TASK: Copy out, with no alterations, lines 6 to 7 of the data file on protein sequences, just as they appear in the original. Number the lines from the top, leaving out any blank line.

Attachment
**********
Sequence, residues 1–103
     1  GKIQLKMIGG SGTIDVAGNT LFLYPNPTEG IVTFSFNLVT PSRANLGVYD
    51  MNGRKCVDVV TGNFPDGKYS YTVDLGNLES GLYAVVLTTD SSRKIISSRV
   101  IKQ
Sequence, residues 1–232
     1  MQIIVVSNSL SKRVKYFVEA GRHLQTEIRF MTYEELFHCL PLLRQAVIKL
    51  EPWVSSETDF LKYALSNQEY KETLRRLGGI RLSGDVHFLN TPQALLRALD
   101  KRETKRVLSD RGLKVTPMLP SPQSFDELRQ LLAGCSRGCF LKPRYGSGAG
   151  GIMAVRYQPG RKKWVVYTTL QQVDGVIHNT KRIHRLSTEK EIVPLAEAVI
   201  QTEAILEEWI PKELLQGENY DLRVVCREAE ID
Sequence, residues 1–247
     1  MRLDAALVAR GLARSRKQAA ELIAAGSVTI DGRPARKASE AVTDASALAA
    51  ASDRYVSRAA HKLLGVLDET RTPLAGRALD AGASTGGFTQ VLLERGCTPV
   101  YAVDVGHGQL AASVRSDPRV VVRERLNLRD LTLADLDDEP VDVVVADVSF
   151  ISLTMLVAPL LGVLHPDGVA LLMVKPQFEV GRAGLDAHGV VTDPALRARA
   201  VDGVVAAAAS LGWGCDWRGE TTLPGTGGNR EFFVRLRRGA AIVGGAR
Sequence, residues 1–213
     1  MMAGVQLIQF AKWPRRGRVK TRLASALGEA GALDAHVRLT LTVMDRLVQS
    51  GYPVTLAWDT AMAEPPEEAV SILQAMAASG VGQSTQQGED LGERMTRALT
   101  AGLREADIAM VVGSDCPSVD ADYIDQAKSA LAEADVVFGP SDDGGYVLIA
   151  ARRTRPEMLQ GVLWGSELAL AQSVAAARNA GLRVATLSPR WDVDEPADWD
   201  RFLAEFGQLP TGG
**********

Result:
     1  MQIIVVSNSL SKRVKYFVEA GRHLQTEIRF MTYEELFHCL PLLRQAVIKL
    51  EPWVSSETDF LKYALSNQEY KETLRRLGGI RLSGDVHFLN TPQALLRALD